The judge found that Appellant became dissatisfied with the 60/40 split of revenues and demanded a 50/50 split, which Collins refused.  After the refusal, Appellant disconnected Collins’ machines and installed his own machines, as well as machines owned by Sonco Amusements, Inc. (Sonco). Sonco split the revenues 50/50 with Appellant. The judge found that Appellant breached the contract with Collins and awarded Collins $244,450.56 in damages as well as the costs of the action. 


1.  Did the trial court err in awarding Collins damages for breach of contract because the damages were too speculative?

2.  Did the trial court err in not awarding Appellant damages for breach of contract?


1.  Speculative Damages

Appellant argues that the trial judge erred in awarding Collins damages because any damages are speculative.  We disagree.  The trial judge based his award of damages on the testimony of Jerry Alex Saad (Saad), a Certified Public Accountant, who had previously been the Chief Financial Officer for Collins Entertainment for 8 years.  Saad testified that the damages suffered by Collins in this case were $244,450.56.  Saad reached this figure by taking the actual weekly revenues received from each location owned by Appellant for the period of time that the machines were in Appellant’s stores. He took a weekly average using that figure and multiplied that average by the number of weeks remaining in the term of that location’s contract.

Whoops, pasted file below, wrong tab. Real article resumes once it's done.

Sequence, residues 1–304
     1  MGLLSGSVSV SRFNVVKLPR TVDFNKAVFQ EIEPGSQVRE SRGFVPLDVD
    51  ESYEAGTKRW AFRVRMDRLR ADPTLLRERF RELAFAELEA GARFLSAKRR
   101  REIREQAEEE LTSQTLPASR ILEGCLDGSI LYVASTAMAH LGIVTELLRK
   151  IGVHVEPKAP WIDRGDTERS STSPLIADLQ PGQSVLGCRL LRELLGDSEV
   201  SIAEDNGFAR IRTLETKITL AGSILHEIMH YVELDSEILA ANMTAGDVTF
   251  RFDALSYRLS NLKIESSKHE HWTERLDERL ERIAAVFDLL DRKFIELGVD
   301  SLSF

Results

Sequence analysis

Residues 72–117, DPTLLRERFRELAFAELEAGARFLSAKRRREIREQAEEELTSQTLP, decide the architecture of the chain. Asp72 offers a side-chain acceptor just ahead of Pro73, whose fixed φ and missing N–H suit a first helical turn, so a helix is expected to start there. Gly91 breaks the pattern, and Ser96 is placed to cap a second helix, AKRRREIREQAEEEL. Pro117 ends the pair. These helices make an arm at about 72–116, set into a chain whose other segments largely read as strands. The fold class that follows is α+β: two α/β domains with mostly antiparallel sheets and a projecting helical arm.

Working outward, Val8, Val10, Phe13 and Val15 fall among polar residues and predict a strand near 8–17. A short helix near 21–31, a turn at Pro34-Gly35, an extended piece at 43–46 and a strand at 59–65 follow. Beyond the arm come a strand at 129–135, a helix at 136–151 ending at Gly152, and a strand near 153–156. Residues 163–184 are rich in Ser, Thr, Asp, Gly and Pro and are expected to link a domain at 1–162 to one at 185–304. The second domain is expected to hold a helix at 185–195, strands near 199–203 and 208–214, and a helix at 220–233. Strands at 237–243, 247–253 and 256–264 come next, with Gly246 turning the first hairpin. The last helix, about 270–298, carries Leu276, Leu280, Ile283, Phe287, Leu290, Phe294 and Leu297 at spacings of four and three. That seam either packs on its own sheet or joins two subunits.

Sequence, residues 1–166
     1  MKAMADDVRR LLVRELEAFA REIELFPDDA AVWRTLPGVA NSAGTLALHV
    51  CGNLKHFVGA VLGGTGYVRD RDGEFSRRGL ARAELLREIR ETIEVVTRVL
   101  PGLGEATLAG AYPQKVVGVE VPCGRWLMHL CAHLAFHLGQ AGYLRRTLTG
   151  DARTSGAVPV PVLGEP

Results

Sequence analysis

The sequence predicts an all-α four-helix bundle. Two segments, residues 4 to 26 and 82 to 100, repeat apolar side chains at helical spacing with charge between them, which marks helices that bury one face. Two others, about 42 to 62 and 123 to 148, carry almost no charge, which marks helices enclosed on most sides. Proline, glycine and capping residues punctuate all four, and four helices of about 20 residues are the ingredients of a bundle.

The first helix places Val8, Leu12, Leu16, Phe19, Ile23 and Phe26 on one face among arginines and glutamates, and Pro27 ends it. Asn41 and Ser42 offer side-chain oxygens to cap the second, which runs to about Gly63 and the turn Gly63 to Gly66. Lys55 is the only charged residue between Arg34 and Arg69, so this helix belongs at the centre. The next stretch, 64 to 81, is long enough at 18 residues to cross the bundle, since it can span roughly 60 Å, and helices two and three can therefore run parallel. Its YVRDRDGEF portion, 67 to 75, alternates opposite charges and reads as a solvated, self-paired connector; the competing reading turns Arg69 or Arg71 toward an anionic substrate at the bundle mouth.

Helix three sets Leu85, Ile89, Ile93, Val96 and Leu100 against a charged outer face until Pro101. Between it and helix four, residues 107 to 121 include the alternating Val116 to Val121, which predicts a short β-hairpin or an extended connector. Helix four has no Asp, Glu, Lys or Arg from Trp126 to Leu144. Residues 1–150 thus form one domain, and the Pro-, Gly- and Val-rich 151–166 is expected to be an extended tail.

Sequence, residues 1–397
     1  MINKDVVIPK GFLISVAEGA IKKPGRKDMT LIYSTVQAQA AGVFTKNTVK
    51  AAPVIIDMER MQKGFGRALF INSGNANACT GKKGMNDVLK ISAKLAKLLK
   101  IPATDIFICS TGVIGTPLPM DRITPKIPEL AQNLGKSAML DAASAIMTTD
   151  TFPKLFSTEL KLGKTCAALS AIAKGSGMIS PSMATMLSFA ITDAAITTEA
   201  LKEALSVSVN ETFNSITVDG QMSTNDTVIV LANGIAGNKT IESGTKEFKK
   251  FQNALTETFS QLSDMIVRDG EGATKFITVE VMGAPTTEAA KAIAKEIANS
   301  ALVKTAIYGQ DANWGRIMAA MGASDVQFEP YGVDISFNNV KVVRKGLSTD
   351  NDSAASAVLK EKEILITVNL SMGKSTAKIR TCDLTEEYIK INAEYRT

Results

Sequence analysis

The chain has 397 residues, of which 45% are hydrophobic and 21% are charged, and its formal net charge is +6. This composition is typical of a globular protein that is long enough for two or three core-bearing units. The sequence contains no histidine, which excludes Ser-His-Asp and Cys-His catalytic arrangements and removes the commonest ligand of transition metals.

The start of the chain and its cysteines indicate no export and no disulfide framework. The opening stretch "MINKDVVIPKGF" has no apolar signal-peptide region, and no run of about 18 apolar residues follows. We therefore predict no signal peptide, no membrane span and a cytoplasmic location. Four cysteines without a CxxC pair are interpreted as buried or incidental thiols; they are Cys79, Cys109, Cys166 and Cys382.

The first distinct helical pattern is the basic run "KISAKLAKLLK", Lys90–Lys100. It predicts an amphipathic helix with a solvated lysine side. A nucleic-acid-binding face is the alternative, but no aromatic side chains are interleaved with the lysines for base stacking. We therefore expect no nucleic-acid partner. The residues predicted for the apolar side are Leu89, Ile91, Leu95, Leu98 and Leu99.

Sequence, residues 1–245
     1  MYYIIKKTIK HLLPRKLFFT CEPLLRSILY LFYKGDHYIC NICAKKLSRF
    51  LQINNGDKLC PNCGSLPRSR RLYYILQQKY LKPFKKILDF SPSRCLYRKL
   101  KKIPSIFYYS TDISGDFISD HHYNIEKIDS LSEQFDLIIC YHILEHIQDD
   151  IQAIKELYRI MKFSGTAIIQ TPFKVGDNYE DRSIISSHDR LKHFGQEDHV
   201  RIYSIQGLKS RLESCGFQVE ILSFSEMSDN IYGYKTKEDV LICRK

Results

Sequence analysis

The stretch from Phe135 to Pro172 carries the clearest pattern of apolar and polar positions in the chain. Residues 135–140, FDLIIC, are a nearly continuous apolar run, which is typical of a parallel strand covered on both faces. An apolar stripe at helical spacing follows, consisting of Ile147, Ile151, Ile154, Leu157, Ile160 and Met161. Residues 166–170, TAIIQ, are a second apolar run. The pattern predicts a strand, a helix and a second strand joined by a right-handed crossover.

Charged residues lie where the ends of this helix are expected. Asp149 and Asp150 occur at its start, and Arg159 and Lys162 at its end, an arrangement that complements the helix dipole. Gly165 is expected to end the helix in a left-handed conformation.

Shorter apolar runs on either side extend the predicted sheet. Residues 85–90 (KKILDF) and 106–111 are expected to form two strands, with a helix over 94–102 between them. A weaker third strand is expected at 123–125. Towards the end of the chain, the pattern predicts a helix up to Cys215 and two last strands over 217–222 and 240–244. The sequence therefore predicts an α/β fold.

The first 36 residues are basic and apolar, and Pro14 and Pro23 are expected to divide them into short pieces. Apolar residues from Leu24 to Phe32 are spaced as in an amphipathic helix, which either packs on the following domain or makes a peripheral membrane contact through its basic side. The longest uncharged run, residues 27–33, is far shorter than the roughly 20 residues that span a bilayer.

Appellant argues that the damages are speculative. He argues that because he exercised the contract provision that allowed the machines to be removed after 10 days written notice, there would be no revenue, and therefore no damages.  Although Appellant is correct that the contract allowed the machines to be removed with 10 days written notice, he is incorrect in his assertion that this clause affects the damages.  The breach of contract occurred when Appellant placed “foreign” machines, which were not owned by Collins, in the stores.  According to the contract, Collins had the exclusive right to provide flipper machines in the stores for 6 years.